Aristotle’s Metaphysics is a collection of essays on a wide range of topics, almost certainly never put together by Aristotle himself. This helps to explain why the material covers such a very wide range of material, from meaning to mathematics, from logical sequences to religion. It includes very useful treatments of the nature of axioms (or primary truths) such as the law of non-contradiction and the laws of logic.

In looking at these, Aristotle provides sustained guides to clear thinking as would be evidenced in analysis and evaluation of arguments and the production of good reasoning. He also provides some valuable discussion of interpretation by looking at homonyms (as in ‘this knife is sharp’ and ‘this note is sharp’) and what he calls ‘paronyms,’ which lie between homonyms and synonyms: an example is the word ‘healthy’. Metaphysics is also useful to study for its frequent examples of hypothetical reasoning, including their use in mathematics (‘if x, then y…’) and science (‘if a moves b, then b moves c...’, so what moves a?). In addition, we find Aristotle analysing Plato’s arguments and subjecting them to sustained (critical) evaluation. While Metaphysics shows Aristotle in many well-developed critical thinking modes, it is first and foremost a work of exquisite reasoning, creating strong arguments that continue to be debated and deployed today, nearly 2500 years after they were written.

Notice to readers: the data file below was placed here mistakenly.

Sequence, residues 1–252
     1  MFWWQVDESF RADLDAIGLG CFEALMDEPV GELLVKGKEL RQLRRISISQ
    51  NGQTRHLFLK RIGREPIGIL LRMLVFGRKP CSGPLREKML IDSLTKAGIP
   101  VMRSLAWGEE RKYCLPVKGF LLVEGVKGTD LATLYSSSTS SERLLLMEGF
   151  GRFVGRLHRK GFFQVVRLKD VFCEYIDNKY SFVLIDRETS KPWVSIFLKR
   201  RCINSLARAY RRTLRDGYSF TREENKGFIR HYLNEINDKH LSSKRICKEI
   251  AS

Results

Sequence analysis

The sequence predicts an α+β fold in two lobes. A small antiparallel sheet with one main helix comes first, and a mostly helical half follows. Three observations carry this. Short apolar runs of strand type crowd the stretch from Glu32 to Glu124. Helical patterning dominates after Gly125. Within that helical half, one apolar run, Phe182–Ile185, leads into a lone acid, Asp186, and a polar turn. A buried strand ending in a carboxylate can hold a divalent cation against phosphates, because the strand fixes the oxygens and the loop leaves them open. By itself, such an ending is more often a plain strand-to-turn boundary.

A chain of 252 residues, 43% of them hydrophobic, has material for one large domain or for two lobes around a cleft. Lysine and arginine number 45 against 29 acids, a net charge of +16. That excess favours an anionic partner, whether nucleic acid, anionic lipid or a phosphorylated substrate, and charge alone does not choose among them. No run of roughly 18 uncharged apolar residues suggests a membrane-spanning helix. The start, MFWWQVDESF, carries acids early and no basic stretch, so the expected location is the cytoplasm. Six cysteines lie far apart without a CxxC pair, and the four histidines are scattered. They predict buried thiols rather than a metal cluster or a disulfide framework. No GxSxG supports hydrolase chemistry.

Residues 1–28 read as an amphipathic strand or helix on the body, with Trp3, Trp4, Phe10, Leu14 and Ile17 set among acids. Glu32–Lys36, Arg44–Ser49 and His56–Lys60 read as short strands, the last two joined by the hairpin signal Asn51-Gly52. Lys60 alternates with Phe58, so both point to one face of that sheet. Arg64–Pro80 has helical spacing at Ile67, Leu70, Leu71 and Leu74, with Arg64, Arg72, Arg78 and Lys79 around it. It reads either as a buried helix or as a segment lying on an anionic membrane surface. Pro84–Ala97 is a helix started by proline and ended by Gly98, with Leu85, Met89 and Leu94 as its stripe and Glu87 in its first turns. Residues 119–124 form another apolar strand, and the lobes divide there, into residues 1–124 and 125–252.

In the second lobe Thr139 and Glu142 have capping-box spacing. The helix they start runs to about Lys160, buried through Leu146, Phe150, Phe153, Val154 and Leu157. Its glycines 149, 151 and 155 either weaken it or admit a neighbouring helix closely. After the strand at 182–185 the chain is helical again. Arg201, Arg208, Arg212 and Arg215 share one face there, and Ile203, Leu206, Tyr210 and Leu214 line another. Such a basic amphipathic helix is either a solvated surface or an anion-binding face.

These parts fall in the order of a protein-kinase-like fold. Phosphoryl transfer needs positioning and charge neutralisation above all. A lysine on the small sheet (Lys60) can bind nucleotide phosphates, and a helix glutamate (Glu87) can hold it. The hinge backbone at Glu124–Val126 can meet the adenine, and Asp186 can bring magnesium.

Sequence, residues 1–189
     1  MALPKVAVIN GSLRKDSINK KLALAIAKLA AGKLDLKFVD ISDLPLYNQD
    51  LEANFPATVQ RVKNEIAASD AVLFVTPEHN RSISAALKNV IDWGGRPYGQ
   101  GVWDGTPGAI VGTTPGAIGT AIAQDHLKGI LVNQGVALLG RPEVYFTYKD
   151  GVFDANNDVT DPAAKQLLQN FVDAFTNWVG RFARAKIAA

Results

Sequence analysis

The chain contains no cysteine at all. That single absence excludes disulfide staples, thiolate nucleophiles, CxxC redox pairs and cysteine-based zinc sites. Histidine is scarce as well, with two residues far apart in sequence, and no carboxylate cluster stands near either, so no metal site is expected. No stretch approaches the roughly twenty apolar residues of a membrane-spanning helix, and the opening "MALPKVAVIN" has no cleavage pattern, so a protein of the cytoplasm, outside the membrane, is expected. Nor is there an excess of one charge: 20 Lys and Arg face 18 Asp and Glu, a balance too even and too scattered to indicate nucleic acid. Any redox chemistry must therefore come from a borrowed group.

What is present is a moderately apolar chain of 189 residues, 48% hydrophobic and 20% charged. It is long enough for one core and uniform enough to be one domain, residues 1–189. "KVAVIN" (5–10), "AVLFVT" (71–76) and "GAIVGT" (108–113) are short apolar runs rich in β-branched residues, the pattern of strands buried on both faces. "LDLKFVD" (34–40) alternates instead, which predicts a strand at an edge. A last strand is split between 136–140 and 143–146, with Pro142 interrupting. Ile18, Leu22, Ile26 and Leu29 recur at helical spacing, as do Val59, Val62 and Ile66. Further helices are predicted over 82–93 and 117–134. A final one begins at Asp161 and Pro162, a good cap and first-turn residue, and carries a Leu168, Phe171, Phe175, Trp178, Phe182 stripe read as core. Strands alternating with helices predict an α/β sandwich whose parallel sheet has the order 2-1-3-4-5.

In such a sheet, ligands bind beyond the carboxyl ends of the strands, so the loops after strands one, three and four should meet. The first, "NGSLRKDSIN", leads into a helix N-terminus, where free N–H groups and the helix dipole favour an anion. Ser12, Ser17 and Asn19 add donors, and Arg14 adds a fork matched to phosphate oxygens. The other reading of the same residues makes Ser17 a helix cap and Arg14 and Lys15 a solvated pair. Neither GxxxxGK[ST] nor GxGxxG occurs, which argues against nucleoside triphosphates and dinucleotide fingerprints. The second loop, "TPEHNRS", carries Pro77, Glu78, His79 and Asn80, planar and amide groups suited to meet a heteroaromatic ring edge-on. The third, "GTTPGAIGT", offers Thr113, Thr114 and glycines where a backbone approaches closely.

chapter |5 pages

Ways in to the Text

part 1|18 pages


chapter 1|4 pages

The Author and the Historical Context

chapter 2|4 pages

Academic Context

chapter 3|5 pages

The Problem

chapter 4|4 pages

The Author’s Contribution

part 2|17 pages


chapter 5|4 pages

Main Ideas

chapter 6|4 pages

Secondary Ideas

chapter 7|4 pages


chapter 8|4 pages

Place In the Author’s Work

part 3|18 pages


chapter 9|4 pages

The First Responses

chapter 10|5 pages

The Evolving Debate

chapter 11|4 pages

Impact and Influence Today

chapter 12|4 pages

Where Next?